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What’s New

Check out the latest additions to Teen Health & Wellness!

Scientific American: Resource Articles

Teen Health & Wellness has partnered with Scientific American magazine to offer reviewed content about important research, health, technology, science, the environment, and society. These high-interest articles have been reviewed and selected by Rosen’s team of editors and provide additional and unique content regarding Teen Health & Wellness topics to further support health and science inquiry and instruction.

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New Articles

  • Social Media Anxiety addresses information overload, FOMO (fear of missing out), self-esteem, and other mental health consequences of excessive use of social media.

 

Notable Article Updates

  • Concerns about bird flu (avian influenza, or H5N1) increased in April 2024 when it was discovered that a strain of bird flu had spread among cattle in the United States, even appearing in inactive, fragmented traces of the virus in the U.S. milk supply. CDC officials warn against consuming dairy products made from raw milk, but note that the risk of H5N1 passing to humans through pasteurized milk products is low. We’ve updated our Avian Flu article with the latest developments.

  • A study released in April 2024 found a direct link between exercising in teenage years and improved mental wellbeing in adulthood. The ages 15 to 17 were the most critical period for developing lifelong exercise habits, with 58 percent of young people who regularly exercised between those ages still exercised regularly in later life. We’ve updated our article on Staying Fit with the good news that exercising in your teenage years can improve your mental health as an adult.

  • Nicotine pouches are a type of smokeless tobacco product that have become increasingly popular with teens and young adults. In 2023, the CDC’s National Youth Tobacco Survey estimated that about 1.5 percent of middle and high school students had used nicotine pouches. Pouches contain nicotine and other fillers, and come in mint, fruit, and candy flavors. Users place the pouch under their upper lip and the nicotine is absorbed through their gums and saliva. We’ve updated our Tobacco and Nicotine article to address the dangers of this increased use of nicotine pouches.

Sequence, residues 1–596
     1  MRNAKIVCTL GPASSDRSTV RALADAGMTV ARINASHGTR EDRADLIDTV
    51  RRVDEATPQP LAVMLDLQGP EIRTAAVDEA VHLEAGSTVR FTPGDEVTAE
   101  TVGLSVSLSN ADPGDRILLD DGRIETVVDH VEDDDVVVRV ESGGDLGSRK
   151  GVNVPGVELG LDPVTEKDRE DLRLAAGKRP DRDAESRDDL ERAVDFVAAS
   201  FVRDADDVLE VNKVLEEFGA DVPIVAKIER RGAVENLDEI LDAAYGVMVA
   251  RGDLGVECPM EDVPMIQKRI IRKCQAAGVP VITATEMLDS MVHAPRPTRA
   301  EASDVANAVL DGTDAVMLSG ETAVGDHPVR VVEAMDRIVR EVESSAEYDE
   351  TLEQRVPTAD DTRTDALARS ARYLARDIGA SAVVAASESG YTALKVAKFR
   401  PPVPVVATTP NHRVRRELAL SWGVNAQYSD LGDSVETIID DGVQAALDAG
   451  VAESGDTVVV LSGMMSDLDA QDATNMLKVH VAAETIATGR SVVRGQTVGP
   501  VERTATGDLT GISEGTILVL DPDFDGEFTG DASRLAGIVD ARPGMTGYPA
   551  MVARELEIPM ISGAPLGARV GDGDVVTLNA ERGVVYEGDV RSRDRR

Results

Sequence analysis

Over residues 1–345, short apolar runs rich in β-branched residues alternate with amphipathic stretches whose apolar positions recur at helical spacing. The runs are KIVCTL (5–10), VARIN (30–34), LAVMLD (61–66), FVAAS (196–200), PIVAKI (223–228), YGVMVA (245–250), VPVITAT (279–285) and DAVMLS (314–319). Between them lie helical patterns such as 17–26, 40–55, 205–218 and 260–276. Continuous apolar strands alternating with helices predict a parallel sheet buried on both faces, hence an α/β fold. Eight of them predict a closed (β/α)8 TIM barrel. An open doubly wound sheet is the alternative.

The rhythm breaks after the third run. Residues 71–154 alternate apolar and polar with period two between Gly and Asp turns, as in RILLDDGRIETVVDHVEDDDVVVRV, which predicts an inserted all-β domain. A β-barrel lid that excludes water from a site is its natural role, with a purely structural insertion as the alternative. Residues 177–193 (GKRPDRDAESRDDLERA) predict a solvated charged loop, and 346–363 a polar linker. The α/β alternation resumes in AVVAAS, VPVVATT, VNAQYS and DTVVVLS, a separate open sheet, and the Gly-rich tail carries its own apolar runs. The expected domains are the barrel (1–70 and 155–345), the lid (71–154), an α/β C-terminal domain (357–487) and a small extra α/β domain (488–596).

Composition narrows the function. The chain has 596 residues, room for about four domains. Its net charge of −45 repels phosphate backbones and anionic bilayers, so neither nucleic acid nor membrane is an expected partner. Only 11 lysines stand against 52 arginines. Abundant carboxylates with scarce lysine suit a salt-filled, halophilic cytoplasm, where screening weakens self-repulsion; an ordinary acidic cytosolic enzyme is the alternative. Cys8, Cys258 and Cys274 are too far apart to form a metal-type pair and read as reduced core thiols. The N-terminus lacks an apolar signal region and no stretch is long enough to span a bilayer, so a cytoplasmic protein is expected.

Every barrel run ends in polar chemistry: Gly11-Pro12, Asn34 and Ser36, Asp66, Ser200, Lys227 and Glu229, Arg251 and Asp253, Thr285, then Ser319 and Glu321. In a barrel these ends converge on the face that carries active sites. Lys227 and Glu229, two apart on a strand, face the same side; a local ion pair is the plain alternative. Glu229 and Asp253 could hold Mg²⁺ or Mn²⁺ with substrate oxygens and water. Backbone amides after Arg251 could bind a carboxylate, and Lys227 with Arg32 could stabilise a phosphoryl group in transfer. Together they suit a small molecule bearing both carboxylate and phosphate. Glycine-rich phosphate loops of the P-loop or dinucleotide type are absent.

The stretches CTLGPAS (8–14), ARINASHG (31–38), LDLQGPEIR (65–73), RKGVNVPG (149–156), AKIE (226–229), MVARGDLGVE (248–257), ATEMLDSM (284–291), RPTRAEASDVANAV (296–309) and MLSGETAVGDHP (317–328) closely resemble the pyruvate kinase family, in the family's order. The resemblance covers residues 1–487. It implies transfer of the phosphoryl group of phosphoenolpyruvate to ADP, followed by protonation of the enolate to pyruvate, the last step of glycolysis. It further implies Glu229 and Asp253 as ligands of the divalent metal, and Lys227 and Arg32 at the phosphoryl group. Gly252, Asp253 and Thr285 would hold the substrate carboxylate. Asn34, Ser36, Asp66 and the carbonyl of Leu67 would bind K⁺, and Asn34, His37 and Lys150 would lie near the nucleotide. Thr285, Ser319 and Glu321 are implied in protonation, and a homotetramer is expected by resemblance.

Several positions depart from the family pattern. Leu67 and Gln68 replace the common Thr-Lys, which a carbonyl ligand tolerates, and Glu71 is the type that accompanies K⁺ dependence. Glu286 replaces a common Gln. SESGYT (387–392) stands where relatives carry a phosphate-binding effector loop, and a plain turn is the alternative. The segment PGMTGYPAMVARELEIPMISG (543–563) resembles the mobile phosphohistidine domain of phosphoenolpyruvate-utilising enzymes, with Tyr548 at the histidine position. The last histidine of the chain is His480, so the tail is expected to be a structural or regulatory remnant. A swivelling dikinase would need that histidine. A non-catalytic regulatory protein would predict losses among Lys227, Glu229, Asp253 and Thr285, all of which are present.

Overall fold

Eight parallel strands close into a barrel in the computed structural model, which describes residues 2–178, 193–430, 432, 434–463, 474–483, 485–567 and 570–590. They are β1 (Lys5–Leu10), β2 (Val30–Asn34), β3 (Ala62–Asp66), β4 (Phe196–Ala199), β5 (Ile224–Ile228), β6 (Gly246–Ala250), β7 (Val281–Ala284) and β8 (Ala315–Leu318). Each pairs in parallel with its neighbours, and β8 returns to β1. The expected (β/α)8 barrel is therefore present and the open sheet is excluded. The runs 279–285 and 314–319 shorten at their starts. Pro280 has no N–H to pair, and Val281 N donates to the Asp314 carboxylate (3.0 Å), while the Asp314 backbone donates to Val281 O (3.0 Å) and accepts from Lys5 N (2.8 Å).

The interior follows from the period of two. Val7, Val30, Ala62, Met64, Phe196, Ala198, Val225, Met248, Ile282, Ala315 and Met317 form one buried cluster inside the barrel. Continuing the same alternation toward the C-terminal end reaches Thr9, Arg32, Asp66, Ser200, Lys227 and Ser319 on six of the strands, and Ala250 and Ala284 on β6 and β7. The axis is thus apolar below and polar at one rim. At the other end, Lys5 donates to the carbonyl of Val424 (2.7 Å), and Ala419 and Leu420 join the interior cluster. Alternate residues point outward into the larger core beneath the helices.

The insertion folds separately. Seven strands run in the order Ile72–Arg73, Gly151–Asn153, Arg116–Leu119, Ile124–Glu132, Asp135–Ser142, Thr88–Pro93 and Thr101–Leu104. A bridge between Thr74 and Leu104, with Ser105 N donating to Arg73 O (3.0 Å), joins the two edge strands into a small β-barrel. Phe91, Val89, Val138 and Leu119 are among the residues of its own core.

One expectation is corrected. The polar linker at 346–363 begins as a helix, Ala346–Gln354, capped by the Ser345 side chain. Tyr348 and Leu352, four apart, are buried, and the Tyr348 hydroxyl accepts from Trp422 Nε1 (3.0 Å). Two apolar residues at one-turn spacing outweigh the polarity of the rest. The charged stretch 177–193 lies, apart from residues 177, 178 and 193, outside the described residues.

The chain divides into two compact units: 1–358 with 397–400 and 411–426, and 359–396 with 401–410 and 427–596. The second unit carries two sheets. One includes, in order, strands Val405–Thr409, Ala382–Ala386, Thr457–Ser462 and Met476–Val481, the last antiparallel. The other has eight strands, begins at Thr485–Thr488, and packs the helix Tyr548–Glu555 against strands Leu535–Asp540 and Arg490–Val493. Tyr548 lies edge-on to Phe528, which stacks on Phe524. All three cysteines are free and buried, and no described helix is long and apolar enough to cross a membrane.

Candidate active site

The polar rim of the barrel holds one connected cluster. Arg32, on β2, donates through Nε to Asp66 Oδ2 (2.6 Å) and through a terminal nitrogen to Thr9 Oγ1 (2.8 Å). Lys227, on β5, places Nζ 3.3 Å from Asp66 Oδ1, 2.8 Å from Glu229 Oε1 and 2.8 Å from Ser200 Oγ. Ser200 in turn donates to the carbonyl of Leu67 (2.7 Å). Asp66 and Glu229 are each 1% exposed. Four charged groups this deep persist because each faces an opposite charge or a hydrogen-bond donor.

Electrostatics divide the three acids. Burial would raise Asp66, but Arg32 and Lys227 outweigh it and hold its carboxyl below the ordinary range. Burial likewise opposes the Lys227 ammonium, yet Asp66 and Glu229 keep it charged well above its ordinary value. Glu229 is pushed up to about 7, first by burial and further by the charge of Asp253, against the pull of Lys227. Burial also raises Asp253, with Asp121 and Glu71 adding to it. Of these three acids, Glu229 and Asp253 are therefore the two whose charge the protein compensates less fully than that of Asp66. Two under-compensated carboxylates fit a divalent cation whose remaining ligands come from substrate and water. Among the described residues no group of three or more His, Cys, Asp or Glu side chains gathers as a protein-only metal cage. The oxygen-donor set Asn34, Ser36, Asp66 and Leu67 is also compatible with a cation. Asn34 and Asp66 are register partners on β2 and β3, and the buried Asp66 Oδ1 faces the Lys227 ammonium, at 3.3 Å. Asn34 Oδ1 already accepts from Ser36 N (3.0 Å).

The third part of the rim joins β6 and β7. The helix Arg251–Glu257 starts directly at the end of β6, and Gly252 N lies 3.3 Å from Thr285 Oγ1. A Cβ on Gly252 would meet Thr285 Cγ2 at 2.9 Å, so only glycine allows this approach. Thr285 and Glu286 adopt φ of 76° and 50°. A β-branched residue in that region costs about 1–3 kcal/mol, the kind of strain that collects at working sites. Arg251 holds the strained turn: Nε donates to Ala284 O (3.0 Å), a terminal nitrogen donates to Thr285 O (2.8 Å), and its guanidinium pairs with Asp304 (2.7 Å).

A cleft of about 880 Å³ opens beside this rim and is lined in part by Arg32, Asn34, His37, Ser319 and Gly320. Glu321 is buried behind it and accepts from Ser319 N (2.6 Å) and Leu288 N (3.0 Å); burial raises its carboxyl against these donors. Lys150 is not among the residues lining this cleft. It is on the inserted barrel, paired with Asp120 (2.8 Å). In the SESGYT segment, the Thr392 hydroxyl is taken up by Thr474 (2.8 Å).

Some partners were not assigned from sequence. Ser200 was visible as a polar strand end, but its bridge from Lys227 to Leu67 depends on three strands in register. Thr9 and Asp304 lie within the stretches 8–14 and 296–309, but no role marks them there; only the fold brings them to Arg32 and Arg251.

• A survey released in March 2024 by the EdWeek Research Center found that 55 percent of students have self-diagnosed mental health issues using social media sites like TikTok and Instagram. As with everything online, there are both risks and benefits to using social media to improve one’s mental health, which we discuss in our updated article on Depression and Mood Disorders.

  • Diabetes among young people continues to be a major health concern. About 24,000 young people are diagnosed with type 1 and type 2 diabetes each year, according to the American Diabetes Association. Increasingly, diabetes specialists are calling for mass screening of children for type 1 diabetes to help head off diabetic ketoacidosis, which can be life-threatening. Our Diabetes article covers the essentials of the disease, its diagnosis, its treatment, and the challenges with living with diabetes.

  • If you’re not familiar with Delta-8, you should be. It’s a chemical compound that naturally occurs in marijuana and hemp plants, but most Delta-8 available in commercial cannabis products is synthetic and much more powerful than the natural kind. Its popularity among young people is on the rise, as are visits to poison control centers due to adverse health effects from taking the compound. Our Marijuana article keeps you up to date on Delta-8 and marijuana more generally.